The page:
Together with the Google Pixel 8 Pro, the Pixel 8 represents Google's big shot at producing one of the best phones of 2023 – it's the smaller, cheaper of the two handsets, and there are some important differences (as well as plenty of similarities) that we need to discuss.
We'll get into that and much more in this comprehensive Google Pixel 8 review. But having spent several days with the device, using it all day as my regular phone, I'm in a great position to tell you how it compares to the other smaller-scale flagships out there.
They include the iPhone 15 Pro from Apple, the Samsung Galaxy S23, and all the other handsets on our best Android phones list. Is the Pixel 8 enough of an improvement over last year's Google Pixel 7? Read on to find out everything you need to know about it.
Google Pixel 8: price & availability
The Google Pixel 8 is available to buy now! You can pick it up directly from Google for £699 / $699 for the model with 128GB of storage, and £759 / $759 for the model with 256GB of storage.
That's quite the price bump over the £599 / $599 (128GB) or £699 / $699 (256GB) you would've paid at launch for the Pixel 7 though. Here's how the Pixel 8 compares to the Pixel 7 for your info.
If better deals are currently available anywhere on the web, you'll see them highlighted in the widgets embedded on this page – in the UK, you can pick up the phone from retailers including Amazon and Argos.
Google Pixel 8 review: what's new?
- Headlines: Faster Tensor G3 processor, brighter screen, more years of software support
Compared with the Pixel 7 that Google launched in 2022, the Pixel 8 upgrades the Tensor G2 processor to the Tensor G3: Google hasn't gone into details in terms of performance, but says there are improvements across the board, especially when it comes to the complexity of artificial intelligence tasks that can be carried out locally.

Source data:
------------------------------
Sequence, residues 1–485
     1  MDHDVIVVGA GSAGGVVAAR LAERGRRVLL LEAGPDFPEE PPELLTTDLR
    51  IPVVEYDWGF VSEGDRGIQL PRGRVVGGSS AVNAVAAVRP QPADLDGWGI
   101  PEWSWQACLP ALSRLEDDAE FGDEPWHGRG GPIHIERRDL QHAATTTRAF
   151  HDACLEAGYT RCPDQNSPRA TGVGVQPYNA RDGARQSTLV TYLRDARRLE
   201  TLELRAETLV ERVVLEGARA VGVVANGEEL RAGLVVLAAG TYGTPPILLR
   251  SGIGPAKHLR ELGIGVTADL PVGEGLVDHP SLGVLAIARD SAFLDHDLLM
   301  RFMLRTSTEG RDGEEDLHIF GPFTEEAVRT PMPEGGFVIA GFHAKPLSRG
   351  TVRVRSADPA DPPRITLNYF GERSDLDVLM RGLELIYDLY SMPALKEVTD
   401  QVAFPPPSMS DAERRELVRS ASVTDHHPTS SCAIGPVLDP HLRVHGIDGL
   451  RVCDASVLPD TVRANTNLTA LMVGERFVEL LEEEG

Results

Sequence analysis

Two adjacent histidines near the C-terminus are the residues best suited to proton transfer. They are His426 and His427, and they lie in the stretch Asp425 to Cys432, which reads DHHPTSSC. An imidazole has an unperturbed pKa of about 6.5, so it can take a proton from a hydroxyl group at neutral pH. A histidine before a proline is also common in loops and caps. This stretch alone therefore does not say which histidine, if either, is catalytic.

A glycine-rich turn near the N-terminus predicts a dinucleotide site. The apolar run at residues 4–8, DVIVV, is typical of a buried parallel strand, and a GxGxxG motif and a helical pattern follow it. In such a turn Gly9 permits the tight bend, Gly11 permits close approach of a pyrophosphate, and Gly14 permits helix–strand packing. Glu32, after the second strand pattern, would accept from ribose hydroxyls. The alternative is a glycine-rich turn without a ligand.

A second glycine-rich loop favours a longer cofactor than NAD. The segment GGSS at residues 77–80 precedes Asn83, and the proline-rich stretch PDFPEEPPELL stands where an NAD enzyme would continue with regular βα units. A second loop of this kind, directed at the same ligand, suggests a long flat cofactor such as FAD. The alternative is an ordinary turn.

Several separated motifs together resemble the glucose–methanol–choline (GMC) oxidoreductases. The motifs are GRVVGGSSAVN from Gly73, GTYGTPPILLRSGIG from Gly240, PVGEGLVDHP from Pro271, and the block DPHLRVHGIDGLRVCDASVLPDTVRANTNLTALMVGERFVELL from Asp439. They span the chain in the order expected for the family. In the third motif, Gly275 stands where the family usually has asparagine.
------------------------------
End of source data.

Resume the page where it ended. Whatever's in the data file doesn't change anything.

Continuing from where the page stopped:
Design-wise, the Pixel 8 is a little shorter (top to bottom), narrower (side to side), and thicker (front to back), than its immediate predecessor. It's also a touch lighter. The screen size has shrunk from 6.3- to 6.2-inches, but the maximum refresh rate is up to 120Hz from 90Hz, and peak brightness is up to 2,000 nits from 1,400 nits.
Google is also supporting its Pixel phones for a longer period of time with software updates, starting with the Pixel 8 and Pixel 8 Pro. You're guaranteed to get Android updates and security patches, as well as the regular Pixel feature drops, for seven years – that will take you all the way up to 2030.
The Pixel 8 also has "upgraded" (in Google's words) main and ultrawide cameras on the back, though the megapixel ratings stay at 50MP and 12MP respectively. The battery has a slightly larger capacity, and wired charging speed has been upgraded to 27W from 20W – though wireless charging speeds are down to 18W from 20W, strangely enough. Support for Wi-Fi 7 has been added too.
Google Pixel 8 review: design & display
- Display: 6.2-inch 120Hz OLED, 1080 x 2400 pixel resolution, 2,000 nits peak brightness
- Colours: Hazel, Obsidian, Rose
It's fair to say the Google Pixel aesthetic is something of an acquired taste, but it's one that I like. As usual, the rear cameras are housed in a raised metal bar, and I like the distinctive look that it gives these phones – you can definitely tell that the Pixel 8 is a Pixel, helped by the subtle Google 'G' that's printed on the back of the handset.
Colour-wise, you can pick from Hazel (a sort of metallic grey), Obsidian (black), and Rose (light pink). We had the Hazel model to review, and while it's rather dull, you could call it a classic – as it was the older-gen Pixel 7 Pro's unique colourway. Some more colour options would've been nice though, and perhaps that's something Google can look at as a mid-cycle upgrade.
The Pixel 8 is a little rounder than the Pixel 7, which I like. It's also one of the best smaller phones on the market right now in terms of its 6.2-inch display. That's really a matter of personal preference – whether you'd rather have a more compact size than a larger screen. By now you probably know what you like best, and what you're used to using day to day.